Samui, Thailand: Former Asian Tour number one Liang Wen-chong of China will be gunning for a winning debut at the Queen’s Cup starting on Thursday to revive his hopes of qualifying for the Olympic Games.
The Chinese star was bumped out of the race to Rio de Janeiro following countryman Wu Ashun’s victory in Austria over the weekend but he has vowed to keep fighting starting with this week’s Asian Tour stop at Santiburi Samui Country Club.
A stellar field has assembled for the 10th leg of the season with title holder Prayad Marksaeng of Thailand, big-hitting Aussie star Scott Hend, Korea’s rising star Jeunghun Wang, India’s Rahil Gangjee and Bangladeshi Siddikur Rahman being the top headliners.
With Wu rising to 127th in the latest Official World Golf Ranking and Li Hao-tong lying seven rungs below, the 195th ranked Liang has four more tournaments to overtake either golfer to qualify for China’s two-man team for Rio.
“My plan is to play in the Olympic Games. All players wish to play in the Olympics and hope it will help China golf grow further. Li won the China Open this year and with Wu winning in Austria, that’s very good for our team. We’re getting stronger,” said Liang, who is currently 29th on the Asian Tour’s Order of Merit.
“It’s my first time coming to play in Samui. I also want to keep my Asian Tour card and need to play the minimum of eight tournaments to be on the Merit list at the end of the year.”
This season, Liang’s form has been hot and cold, with a third place finish in Singapore and 10th in Japan recently sandwiching several missed cut appearances. He reckons his putting needs to improve drastically if he is to challenge for the Queen’s Cup title this weekend.
“The game is feeling good. I’m looking to regain my putting feel. That’s very important. My ball striking has been good which I’m happy about,” said 37-year-old Liang, China’s first golfer to become the Asian Tour Order of Merit champion in 2007.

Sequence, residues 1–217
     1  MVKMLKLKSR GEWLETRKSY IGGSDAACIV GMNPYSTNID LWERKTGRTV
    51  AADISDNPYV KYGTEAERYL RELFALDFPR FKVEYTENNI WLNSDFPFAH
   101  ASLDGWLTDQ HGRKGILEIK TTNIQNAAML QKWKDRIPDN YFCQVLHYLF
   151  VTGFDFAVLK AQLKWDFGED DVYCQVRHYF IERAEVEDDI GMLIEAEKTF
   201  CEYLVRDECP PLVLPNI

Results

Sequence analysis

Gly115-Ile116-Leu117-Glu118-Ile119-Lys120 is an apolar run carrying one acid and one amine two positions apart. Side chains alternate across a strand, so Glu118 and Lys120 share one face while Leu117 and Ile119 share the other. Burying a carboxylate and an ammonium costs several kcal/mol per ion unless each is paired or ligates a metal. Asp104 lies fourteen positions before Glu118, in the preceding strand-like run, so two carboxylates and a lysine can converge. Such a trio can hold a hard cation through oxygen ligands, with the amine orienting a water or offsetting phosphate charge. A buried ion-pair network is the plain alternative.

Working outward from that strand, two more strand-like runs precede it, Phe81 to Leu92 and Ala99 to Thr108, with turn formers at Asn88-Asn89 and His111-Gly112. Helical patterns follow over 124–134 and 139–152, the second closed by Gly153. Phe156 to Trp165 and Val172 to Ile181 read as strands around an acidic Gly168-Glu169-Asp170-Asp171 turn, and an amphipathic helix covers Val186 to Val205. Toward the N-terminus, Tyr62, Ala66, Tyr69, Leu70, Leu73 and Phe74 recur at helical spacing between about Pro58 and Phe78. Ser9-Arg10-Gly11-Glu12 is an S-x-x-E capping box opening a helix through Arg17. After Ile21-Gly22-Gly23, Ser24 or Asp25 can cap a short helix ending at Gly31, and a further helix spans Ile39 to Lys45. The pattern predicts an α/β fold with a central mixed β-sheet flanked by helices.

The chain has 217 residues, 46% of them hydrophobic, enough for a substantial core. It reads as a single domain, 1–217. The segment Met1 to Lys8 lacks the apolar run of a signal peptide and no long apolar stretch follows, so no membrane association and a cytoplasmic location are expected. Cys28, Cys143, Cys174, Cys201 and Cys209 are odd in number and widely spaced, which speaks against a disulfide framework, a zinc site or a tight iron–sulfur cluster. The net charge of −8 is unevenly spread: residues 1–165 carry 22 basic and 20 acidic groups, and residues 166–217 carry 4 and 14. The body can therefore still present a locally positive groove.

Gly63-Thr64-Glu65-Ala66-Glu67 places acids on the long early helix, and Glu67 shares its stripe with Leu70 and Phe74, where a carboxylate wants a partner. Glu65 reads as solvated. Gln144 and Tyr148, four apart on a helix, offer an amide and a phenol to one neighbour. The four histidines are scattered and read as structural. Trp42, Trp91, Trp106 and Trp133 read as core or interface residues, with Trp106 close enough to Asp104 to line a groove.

“I’m working hard as I want to join the Olympic Games. We are trying to represent China and I’ll be happy if the strongest players represent our country. Li and Wu are now the top-two but if you work hard, anything can happen.”
Straight-shooting Siddikur is happy to return to his happy hunting ground where in six previous appearances at the Queen’s Cup, he has finished top-three on three occasions and not finished lower than 16th place.
The 31-year-old is also keen to atone for the disappointment of losing to Wang at the AfrAsia Bank Mauritius Open last month where he led by three shots with three holes remaining.
“I always like to come back to Samui. I am inspired to be back here. In my pro career, this was the place where I did good in 2010. I had my first top-10 here and then I went on to win in Brunei (for his first Asian Tour win). I have good memories about this place,” said Siddikur.
“I like this kind of golf course, it’s tight and narrow. It’s also windy out and it suits my game. I believe that’s the reason why I always play well here.
“I wasn’t too disappointed in Mauritius. At the start of the week, my goal was to finish top-10, top-15. Mentally, I maybe couldn’t tolerate the pressure. I played well with the exception of the 16th, 17th and 18th holes. I felt hurt but after a while, I thanked God that I could finish second. I jumped up the Order of Merit and I also got back into the Olympic qualifying frame. I think I should be safe now for the Olympics now,” said Siddikur.
Gangjee, who has enjoyed three top-10s and two top-20s this season, is anticipating a good week in Samui, both on and off the golf course.
“It doesn’t matter what the prize purse we play here. Everybody loves coming to Samui. This place is amazing. You have to be on your game to play on this golf course. I’ve had a few top-10s here, but this place has been blowing hot and cold for me. It treats me well and then it treats me badly! But this year, I’m feeling good,” said Gangjee, who is a one-time winner on the Asian Tour and currently ranked 14th on the Order of Merit.
He credited his strong start to 2016 to work done with a sports psychologist where the focus has been on his post-shot attitude.
“We’ve done somethings which have helped me. Things like how I handle my reaction after a shot, that’s helped me stay calmer on the golf course,” he said.
It’s been a year now working with the psychologist (Jay Lee Nair). There’s a lot of neuro linguistic stuff, a lot of hypnosis which I’ve done before too. We get into a deep relaxation state and (she starts) feeding positive sentences. You’re still in control but your mind accepts instructions easier.”